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Doctor who brought emergency medicine to India honoured

Last updated on: April 21, 2008 18:50 IST

Senior United States Congressman Ed Royce, California Republican and ranking member of the House Foreign Affairs Committee, was on hand to cheer Dr Subramanium Balasubramanium on receiving the American Medical Association's highest honour for international humanitarian services.

Dr Balasubramanium, immediate past president of the American Association of Physicians of Indian Origin, was awarded the AMA's Dr Nathan Davis International Award on March 31 for his work in India in helping to institute emergency medical services and trauma centers, at a gala banquet at the Grand Hyatt hotel.

The annual award honours a single physician who has dramatically furthered health information, medical practice and research worldwide.

Dr Balasubramanium is the Chief Physician at the Department of Health Services in Los Angeles County and Medical Coordinator of the Utilisation Review in the County.

Royce, former GOP co-chair of the Congressional Caucus on India and Indian Americans, spoke of first meeting Dr Balasubramanium during a visit to India, as the head of a Congressional delegation in the aftermath of the 2001 Gujarat earthquake.

Describing how he found Dr Balasubramanium involved in on-the-ground relief work, Royce said, "I can attest to not only his esteemed medical career, but also his dedication to humanitarian causes. Like so many in the Indian-American community, Dr Bala worked tirelessly to bring relief to the millions affected by the Gujarat earthquake and other natural disasters. I can't think of a worthier recipient."

AMA Foundation President Dr Barbara Rockett, in introducing the awardee, said, "Dr Bala is known to many simply as the father of emergency medical services in India." In spelling out the rationale behind the award, Dr Rockett spoke of how Dr Bala had used established American training institute life support programmes and formal paramedic training institute courses to set up fully functional EMSs in many cities in India.

She also cited, "Dr Bala's work in disaster management after the Bhuj earthquake in Gujarat and the establishment of the trainers' programme in disaster management for administrators in India, which saved numerous lives when the tsunami struck India's shores four years later.'

Dr Balasubramanium thanked those who had worked with him to realise the dream: "The medical institutions and key trauma and critical care doctors in the states of Maharashtra and Gujarat for accepting in toto and implementing the medical management system based on the US prototype; the state and local governments, leading private organisations like the Hinduja Hospital Group, Symbiosis University and Satyam Computers through their not for profit medical research institutions, to name a few, who believed in the system, supported the concept, which was new to India.'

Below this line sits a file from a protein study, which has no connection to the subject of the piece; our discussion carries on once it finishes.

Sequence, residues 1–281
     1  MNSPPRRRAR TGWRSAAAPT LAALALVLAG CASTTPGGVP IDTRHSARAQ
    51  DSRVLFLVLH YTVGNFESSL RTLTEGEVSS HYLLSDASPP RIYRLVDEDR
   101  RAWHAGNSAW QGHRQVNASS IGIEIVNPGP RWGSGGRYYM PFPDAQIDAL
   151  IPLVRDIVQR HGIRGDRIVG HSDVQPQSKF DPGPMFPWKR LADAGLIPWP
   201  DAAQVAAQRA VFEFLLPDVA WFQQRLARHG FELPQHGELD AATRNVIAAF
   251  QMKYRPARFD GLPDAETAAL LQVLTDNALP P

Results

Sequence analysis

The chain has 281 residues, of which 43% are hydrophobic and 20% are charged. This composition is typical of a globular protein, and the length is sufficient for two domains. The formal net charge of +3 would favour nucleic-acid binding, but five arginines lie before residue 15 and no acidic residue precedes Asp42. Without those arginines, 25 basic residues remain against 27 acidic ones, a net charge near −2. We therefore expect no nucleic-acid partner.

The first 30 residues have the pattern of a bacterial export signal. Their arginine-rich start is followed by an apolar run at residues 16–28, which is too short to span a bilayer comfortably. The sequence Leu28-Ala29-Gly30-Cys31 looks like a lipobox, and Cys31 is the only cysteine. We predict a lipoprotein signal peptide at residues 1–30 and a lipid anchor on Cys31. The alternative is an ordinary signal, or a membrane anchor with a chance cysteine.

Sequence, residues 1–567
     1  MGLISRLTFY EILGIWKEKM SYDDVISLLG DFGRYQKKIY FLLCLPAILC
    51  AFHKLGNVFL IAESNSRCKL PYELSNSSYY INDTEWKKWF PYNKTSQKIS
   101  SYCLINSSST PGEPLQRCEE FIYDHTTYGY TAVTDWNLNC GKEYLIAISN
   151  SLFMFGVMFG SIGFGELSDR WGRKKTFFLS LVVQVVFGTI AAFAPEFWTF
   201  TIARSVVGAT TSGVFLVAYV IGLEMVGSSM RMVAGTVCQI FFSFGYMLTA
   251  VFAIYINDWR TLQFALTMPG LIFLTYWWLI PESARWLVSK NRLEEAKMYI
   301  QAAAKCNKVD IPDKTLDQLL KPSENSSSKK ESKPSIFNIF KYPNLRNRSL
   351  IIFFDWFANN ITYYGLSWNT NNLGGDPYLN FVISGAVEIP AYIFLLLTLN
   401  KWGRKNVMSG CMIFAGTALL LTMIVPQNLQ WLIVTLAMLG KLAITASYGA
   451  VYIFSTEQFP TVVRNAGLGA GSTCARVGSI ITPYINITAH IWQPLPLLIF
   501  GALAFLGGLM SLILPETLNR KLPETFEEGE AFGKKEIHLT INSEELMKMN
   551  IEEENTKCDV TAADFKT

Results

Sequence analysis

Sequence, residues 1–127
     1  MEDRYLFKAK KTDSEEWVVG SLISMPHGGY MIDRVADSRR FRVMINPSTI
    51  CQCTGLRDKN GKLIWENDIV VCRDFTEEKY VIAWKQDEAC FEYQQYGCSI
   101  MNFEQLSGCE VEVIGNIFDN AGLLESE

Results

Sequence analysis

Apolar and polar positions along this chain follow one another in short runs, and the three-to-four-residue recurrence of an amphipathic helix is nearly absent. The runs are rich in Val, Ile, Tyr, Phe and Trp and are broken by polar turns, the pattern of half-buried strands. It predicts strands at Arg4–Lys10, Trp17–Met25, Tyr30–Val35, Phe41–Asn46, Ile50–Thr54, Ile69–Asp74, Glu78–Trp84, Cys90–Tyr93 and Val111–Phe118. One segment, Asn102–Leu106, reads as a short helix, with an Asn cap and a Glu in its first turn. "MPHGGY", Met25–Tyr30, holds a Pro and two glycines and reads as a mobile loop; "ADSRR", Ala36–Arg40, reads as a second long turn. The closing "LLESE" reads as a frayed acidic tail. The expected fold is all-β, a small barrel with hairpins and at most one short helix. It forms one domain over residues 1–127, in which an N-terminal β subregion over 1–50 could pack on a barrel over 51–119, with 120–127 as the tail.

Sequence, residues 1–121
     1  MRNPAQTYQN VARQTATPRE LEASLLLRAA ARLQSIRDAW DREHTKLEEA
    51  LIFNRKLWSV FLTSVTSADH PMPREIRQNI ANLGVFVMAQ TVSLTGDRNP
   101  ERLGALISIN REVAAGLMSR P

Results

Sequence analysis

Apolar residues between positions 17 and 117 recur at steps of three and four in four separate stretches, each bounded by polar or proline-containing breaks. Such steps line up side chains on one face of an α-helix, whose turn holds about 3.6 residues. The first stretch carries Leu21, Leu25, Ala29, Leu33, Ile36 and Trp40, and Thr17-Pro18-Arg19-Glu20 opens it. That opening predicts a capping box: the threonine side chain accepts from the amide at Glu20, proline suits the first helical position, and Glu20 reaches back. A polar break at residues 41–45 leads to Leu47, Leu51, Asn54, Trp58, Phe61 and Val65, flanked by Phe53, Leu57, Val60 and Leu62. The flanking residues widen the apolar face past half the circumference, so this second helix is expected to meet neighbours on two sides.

The project, he said, was still in a nascent stage. "Standards have to be set, quality and performance measures need to be instituted, and the system must be established across the length and breadth of India."

He said what EMS in India needs today "is what Dr Nathan Davis called for and established in medical education over 150 years ago — uniform and elevated standard. Tonight the AMA Foundation, through this award, while recognizing the work done so far, is giving us a shot in the arm to complete it. We will do that."

Dr Balasubramanium also lauded the public sector, saying that "Four years ago, the city of Ahmedabad resolved that every citizen of their city will be entitled to free emergency medical care and they have done this to date, and eighteen months ago, the central government of India allocated over $250 million for the establishment of formal trauma centers along the newly constructed highways."

He also thanked former AAPI president Dr Navin Shah for conceiving of these EMS and trauma centers, finding the funding for them from the private sector, bringing him in on the project. Dr Shah won the India Abroad Award for Community Service, held on March 28, for his role in setting up EMS services in India.

Thanking his family for their support, Dr Balasubramanium rounded off with a quote from Mahatma Gandhi: "The best way to find yourself is to lose yourself in the service of others."

Besides Dr Balasubramanium, who received the event's marquee award, other Indian-American physicians were honoured at the event including Dr Murli Manohar of Canton, Ohio, who was one of the three physicians named for the Pride in Profession Award.

Dr Manohar had established the Canton Community Clinic, which provides free primary medical care to indigent patients, and has also been responsible for helping to shape many medical laws and public policy in health care in Ohio.

Dr Hridaush Singh and Dr Neeral Singh were among 13 recipients of the Leadership Awards presented to medical students, residents and fellows; Dr Bob Basu of Houston, Dr Srinivas Mukkamala of Flint, Michigan, Dr Sheetal Shah from New York and Dr Asha Subramanium of Kensington, Maryland, were among the 14 winners of the Early Career Physician Awards.

Seven of 14 Established Physicians Awards went to Indian Americans, including past president of AAPI Dr Satya Ahuja of Chicago; Dr Vijayalakshmi Appareddy, past chair of AAPI's Board of Trustees, of Chattanooga, Tennessee; Dr Rakesh Chandra Bhan from Battle Creek, Michigan; Dr Meena Chintapalli from San Antonio, Texas; Dr Asit Gokli from Livonia, Michigan; Dr Mahesh Gupta from Riverside, California; and Dr Narendra Kumar from Saginaw, Michigan.

Aziz Haniffa in Washington